A ‘Black Box’

– and the art of Retro-fitting.

Scrubbers, Ballast water treatment, exhaust gas cleaner and retrofitting are terms widely and often used in the maritime industries. For ship owners and naval architects, these terms also represent a series of challenges.

Ships must continuously comply with new restrictions and regulations imposed on them by the maritime authorities and new technologies and solutions are needed to meet the guidelines. This is done either through replacement of outdated equipment or by adding more technology to the existing set-up on board.

Every ship presents a new challenge and a 3D scanner is a vital tool in modern naval architecture. The scanners provide a detailed look into the engine rooms onboard as available space and information on piping, inlet/outlet, foundation, working area etc. is uncovered.IRON retrofit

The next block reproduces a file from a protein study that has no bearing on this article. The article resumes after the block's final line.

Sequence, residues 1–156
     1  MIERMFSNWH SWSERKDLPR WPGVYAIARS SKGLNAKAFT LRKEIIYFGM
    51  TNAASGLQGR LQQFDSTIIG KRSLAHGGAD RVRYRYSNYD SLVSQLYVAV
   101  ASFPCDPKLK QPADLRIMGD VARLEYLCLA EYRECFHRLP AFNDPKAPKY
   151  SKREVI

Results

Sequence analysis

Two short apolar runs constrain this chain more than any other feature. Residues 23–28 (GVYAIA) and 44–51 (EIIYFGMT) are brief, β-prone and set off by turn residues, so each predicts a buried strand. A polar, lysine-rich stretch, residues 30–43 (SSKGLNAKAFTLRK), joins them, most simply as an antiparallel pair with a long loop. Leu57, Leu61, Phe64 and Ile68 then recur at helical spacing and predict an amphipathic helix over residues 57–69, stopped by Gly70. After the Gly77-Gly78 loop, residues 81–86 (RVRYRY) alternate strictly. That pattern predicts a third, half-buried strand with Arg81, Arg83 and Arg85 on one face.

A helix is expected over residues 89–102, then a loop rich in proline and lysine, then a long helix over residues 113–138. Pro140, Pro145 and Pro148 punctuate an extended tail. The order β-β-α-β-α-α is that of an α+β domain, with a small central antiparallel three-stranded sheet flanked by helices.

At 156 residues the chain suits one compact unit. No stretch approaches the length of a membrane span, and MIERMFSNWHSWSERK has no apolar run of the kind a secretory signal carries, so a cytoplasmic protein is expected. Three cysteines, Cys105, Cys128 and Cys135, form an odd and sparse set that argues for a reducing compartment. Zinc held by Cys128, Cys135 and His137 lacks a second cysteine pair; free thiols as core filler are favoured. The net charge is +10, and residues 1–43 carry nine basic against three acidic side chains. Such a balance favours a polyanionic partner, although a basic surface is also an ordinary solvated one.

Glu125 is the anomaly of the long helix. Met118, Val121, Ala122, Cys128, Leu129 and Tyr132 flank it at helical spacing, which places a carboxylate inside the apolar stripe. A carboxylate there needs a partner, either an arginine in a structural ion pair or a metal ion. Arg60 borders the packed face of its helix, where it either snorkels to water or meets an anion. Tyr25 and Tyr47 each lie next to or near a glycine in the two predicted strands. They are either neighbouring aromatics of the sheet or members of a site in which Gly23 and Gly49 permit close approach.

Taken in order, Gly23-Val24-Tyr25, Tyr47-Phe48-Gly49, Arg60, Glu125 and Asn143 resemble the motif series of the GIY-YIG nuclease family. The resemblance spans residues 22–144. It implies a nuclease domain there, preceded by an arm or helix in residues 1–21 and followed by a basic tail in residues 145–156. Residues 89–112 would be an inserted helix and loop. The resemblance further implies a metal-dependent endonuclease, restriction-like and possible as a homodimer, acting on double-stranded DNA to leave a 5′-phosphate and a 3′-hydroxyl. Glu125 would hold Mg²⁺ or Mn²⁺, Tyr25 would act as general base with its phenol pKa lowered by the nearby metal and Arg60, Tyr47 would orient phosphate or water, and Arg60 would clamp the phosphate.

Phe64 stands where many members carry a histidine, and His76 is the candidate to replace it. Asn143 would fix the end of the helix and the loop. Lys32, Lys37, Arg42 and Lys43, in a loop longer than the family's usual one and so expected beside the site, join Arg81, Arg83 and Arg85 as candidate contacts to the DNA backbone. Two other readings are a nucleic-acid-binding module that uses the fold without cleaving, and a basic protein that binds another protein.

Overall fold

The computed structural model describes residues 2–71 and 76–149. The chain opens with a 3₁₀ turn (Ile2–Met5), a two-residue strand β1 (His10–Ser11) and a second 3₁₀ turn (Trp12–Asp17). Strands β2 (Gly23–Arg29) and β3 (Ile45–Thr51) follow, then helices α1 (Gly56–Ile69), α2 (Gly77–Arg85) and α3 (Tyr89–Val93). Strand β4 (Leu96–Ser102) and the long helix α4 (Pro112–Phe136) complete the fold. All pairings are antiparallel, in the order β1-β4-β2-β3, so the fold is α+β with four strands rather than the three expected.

Still though, more often than not, assumptions are made due to the ‘black box’ of the ballast tanks and the pressure/flow calculations are established with little margin. As it turns out, the actual flow and pressure are often less than anticipated and by installing frequency-controlled pumps, not only will such fluctuations be catered for, it may also allow for a smaller pumping unit. Frequency controls have the lowest losses and in most cases, will be the better solution to choose.

A modern frequency control is designed to operate with standard squirrel cage motors and can cover a large power range and various input voltages.

To fit in new sets of pumps, pipes and flanges in an already jammed engine room takes some calculation and the new units to be fitted should have a small footprint and a minimal maintenance area.

At IRON, we take these challenges seriously and make an effort to continuously develop our pumps. In close cooperation with naval architects and system suppliers, we offer custom-made solutions that meet the requirements.

Contact Technical Area Sales Manager, Ebbe Hecht-Hansen for further information

 

 

 

 

 

Thank you to Hauschildt Marine A/S for images and for participating in the make of this article.